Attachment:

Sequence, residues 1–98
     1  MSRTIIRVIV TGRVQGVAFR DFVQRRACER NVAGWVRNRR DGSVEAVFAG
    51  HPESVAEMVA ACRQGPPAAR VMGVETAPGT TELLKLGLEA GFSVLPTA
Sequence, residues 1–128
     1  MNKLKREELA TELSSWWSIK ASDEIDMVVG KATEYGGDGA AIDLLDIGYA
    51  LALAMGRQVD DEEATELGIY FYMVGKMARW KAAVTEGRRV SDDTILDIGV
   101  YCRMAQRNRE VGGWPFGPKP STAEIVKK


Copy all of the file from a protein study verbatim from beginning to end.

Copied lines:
Sequence, residues 1–98
     1  MSRTIIRVIV TGRVQGVAFR DFVQRRACER NVAGWVRNRR DGSVEAVFAG
    51  HPESVAEMVA ACRQGPPAAR VMGVETAPGT TELLKLGLEA GFSVLPTA
Sequence, residues 1–128
     1  MNKLKREELA TELSSWWSIK ASDEIDMVVG KATEYGGDGA AIDLLDIGYA
    51  LALAMGRQVD DEEATELGIY FYMVGKMARW KAAVTEGRRV SDDTILDIGV
   101  YCRMAQRNRE VGGWPFGPKP STAEIVKK